The Department of State (“DOS”) provided an update in regards to the technological issues it is experiencing with its Consular Consolidated Database. The Bureau of Consular Affairs is continuing to work to remedy this issue. As of June 22nd, 22 consulates have been reconnected. This represents about half of the non-immigrant visa volume. The DOS will continue to reconnect Consulates as this technical problem is resolved. However, biometric data is still not available. The DOS is issuing visas for urgent and humanitarian travel. The DOS has not provided any further update in regards to when it expects the database to be fully operational again. At this time, we are suggesting that individuals delay making travel plans until these technical issues are solved.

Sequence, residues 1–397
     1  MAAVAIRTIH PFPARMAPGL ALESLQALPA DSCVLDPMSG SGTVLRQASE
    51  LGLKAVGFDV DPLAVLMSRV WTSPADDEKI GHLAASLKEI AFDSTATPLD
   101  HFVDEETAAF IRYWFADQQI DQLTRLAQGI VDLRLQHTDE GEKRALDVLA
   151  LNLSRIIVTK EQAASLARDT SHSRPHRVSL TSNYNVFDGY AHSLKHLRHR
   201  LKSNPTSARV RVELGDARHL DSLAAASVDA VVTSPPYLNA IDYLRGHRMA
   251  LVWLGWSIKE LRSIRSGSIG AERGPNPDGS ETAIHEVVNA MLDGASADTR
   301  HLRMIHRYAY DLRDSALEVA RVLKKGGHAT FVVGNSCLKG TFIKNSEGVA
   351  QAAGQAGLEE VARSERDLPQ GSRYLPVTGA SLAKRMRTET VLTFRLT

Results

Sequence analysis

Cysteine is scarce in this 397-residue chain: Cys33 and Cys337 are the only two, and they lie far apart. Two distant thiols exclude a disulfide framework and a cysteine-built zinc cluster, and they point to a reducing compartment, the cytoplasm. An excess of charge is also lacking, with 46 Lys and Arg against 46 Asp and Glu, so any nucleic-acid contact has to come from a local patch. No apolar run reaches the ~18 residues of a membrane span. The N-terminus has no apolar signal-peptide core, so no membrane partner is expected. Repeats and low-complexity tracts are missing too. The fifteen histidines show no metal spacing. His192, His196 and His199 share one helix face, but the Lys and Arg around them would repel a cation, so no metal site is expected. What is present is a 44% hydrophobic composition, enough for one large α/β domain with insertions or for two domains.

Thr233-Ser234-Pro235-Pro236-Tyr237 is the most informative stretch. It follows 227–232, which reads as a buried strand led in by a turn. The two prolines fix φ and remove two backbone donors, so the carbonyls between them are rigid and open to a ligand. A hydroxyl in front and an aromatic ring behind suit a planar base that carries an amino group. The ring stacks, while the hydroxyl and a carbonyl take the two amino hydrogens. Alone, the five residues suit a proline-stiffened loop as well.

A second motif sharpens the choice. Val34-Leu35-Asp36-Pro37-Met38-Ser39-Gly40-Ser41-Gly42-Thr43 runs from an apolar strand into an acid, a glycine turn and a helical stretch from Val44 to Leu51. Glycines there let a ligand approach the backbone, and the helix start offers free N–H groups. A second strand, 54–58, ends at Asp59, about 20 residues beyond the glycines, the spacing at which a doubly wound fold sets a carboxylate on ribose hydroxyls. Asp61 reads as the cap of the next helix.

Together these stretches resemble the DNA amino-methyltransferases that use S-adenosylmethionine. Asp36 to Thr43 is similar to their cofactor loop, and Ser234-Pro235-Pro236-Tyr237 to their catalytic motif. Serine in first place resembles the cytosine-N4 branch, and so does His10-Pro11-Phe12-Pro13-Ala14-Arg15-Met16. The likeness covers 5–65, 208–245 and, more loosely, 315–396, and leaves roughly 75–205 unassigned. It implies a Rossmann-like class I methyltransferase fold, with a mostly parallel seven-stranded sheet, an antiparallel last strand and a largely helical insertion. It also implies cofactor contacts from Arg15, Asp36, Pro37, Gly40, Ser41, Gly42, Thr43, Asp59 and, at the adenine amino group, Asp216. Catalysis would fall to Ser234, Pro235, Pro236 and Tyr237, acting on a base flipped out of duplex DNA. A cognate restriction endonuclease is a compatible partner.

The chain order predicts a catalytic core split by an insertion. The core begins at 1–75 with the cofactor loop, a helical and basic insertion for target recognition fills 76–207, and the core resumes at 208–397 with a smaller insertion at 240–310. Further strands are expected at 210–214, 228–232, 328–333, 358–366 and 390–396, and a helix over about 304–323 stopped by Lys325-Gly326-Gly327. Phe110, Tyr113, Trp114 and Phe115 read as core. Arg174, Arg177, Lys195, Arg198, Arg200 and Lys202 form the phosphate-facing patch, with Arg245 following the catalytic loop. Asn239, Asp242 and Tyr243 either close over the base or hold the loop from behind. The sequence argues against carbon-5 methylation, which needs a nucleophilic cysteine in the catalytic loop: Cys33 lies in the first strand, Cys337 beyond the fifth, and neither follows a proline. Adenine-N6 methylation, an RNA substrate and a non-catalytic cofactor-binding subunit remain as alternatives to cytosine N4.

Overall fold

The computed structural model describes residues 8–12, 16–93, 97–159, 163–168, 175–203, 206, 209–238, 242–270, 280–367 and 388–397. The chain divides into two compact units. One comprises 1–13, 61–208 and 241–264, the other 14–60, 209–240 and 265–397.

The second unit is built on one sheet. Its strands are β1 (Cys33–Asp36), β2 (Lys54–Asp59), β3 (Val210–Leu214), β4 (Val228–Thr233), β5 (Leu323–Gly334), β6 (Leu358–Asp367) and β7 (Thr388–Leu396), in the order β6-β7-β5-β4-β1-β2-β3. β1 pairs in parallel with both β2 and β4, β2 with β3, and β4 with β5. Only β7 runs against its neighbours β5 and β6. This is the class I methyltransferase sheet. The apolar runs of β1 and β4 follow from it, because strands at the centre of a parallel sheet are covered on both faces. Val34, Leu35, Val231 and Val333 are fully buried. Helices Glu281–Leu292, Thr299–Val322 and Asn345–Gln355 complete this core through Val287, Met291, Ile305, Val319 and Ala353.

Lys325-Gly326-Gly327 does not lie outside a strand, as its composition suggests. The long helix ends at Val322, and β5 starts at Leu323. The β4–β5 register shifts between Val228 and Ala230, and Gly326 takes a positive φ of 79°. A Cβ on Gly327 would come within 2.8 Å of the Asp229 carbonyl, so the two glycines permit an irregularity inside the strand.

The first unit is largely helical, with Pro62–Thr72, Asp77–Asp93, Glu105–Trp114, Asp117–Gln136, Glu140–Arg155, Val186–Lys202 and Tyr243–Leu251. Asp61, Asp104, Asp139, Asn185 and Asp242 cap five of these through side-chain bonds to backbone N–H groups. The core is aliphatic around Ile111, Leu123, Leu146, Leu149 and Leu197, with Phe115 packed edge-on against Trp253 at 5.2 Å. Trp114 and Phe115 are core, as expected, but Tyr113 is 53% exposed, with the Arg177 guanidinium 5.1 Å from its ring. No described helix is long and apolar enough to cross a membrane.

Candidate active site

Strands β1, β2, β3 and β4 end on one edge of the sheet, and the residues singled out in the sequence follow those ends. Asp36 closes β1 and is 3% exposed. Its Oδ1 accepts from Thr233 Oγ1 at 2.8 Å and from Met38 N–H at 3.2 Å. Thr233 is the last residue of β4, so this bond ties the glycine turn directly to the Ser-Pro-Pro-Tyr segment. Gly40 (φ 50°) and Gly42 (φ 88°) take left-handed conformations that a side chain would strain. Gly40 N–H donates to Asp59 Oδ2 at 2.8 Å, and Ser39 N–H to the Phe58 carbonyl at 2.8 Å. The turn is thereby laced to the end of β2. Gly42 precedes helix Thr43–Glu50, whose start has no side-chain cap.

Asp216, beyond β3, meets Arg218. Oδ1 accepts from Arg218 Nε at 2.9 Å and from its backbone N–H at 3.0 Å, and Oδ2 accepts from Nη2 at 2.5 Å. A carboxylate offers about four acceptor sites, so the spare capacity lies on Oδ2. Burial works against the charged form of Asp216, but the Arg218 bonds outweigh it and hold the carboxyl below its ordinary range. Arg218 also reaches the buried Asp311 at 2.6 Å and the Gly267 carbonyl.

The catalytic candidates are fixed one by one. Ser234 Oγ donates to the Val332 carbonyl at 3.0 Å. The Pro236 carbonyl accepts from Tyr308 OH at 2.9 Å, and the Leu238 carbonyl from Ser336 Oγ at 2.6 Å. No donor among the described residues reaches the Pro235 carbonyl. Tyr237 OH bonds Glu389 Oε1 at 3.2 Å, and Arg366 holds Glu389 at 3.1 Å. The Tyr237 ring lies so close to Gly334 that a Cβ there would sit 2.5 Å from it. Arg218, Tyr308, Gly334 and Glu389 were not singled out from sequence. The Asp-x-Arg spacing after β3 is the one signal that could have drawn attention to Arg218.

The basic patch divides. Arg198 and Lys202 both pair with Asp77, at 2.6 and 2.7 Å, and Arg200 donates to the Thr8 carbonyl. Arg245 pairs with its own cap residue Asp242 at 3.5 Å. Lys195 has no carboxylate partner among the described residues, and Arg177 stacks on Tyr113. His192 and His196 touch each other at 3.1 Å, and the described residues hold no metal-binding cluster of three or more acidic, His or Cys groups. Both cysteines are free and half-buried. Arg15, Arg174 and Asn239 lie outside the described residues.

On June 12, 2015, the Department of State announced that it is experiencing technical problems with its Consular Consolidated Database (“CCD”). These difficulties are not related to the issues that were experienced last year with the CCD. The technical glitch is not specific to any country, visa category or citizenship document. The Department of State has reported that a hardware failure occurred on June 9th that stopped biometric clearance requests from moving from the Consulates to the CCD. In addition, the system that is used to perform national security checks is experiencing technical difficulties. Consequently, the Department of State is not able to print visas and other travel documents. Due to these delays, a backlog in visas has developed, which will cause further delays even once this system is fully operating again. The Department of State has not provided information about when these technical issues will be resolved. It has stated that it will attempt to assist non-immigrant visa applicants who have urgent humanitarian travel needs to obtain a visa. However, the Hammond Law Group suggests that individuals delay making travel plans until these technical issues are resolved.